The age of thoughtful, compelling rock criticism has passed in favor of tweet-sized reviews. Great music deserves more than that. The Doors community boasts some of the most thoughtful, articulate fans in the world. Members of this community regularly take time to understand the art and to analyze the band’s message.
Here is the opportunity to share your thoughts with the world.
On the first of each month, we will announce a featured Doors song for analysis. Submit your essays to email@example.com. The Doors Team will select our favorites to be featured on the site. Anyone who submits an article will earn a 20% off coupon to use at The Doors Store.
- Articles must be about the featured song of the month.
- Articles may be in any language, but we will use Google Translate to post an English translation along with the original article if featured in a non-English language.
- Submissions should be between 100 and 1000 words.
- Please include the author's name and location with submissions.
If you need some inspiration, we recommend Greil Marcus, one of the greatest rock critics ever. Here is his analysis of "The End":
"Morrison's voice in the slides in the music that seem to matter most - at the beginning and the end, where "my only friend" is brought into the song and then banished, so the singer can contemplate the perfection of his own isolation, his own renunciations, his own beauty - is full, creamy, a deep well. You could drop a coin into the pool of this voice and never hear the splash. As the voice opens over words or syllables - "friend," "only," "die" - the words change shape, gliding out into the empty spaces in the sound...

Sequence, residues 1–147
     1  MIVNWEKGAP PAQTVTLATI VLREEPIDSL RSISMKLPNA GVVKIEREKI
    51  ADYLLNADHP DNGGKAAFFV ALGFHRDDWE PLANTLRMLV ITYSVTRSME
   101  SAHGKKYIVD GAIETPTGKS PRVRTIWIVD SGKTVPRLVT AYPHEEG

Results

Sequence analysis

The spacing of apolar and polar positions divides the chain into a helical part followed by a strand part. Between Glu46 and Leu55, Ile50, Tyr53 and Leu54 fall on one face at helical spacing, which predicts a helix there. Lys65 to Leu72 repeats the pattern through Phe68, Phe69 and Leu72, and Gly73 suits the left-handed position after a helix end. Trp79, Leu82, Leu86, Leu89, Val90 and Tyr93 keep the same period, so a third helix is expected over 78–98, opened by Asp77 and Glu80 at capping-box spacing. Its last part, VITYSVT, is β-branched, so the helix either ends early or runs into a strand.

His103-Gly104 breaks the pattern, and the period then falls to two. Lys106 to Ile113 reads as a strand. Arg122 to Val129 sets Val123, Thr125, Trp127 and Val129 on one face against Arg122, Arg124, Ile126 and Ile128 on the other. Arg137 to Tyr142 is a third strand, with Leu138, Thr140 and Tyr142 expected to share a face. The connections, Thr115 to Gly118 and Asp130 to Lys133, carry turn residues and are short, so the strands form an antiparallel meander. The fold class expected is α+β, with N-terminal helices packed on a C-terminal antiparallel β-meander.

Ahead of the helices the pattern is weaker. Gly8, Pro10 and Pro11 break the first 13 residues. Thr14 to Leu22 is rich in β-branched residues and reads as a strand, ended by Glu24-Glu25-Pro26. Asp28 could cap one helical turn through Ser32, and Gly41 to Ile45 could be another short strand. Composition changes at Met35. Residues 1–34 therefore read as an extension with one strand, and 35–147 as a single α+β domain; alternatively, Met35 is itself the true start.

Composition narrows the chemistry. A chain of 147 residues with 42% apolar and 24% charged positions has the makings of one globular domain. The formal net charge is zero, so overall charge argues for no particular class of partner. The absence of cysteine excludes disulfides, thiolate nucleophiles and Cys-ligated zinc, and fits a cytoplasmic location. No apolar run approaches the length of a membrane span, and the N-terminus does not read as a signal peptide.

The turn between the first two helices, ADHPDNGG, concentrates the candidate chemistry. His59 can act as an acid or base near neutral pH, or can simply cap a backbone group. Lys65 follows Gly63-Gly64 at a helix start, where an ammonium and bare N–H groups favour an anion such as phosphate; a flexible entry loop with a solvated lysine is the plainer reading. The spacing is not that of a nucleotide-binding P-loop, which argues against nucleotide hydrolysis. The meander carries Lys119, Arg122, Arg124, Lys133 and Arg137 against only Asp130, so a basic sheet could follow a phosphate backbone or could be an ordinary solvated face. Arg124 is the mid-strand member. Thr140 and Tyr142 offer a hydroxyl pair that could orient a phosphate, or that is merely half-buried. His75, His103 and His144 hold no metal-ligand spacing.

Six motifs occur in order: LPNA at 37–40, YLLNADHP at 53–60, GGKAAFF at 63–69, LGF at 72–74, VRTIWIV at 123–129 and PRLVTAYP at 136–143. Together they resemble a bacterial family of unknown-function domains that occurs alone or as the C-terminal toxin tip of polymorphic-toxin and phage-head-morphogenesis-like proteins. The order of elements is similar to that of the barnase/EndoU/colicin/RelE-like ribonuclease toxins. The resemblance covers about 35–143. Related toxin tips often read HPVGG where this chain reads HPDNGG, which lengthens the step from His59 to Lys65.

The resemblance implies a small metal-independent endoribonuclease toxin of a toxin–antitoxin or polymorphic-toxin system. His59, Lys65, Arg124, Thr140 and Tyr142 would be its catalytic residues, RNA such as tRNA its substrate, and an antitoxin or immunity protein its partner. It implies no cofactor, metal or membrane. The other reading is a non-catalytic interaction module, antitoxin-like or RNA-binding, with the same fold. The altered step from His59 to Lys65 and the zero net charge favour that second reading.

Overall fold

The appearance of The Doors marked a verge in the history of Los Angeles rock 'n' roll, of Los Angeles, and of the United States. That is because in their music you could hear a portent that the future, the near future, contained stories no one imagined they would want to hear, that people would not be able to turn away from, that would keep people awake, worried at the slightest anomalous sound, terrified and disgusted by their own fantasies. After Charles Manson, people could look back at "The End", "Strange Days", "People Are Strange" and "End of the Night" and hear what Manson had done as if it had yet to happen, as if they should have known, as if, in the deep textures of the music, they had."
Read more in The Doors: A Lifetime Listening To Five Mean Years.
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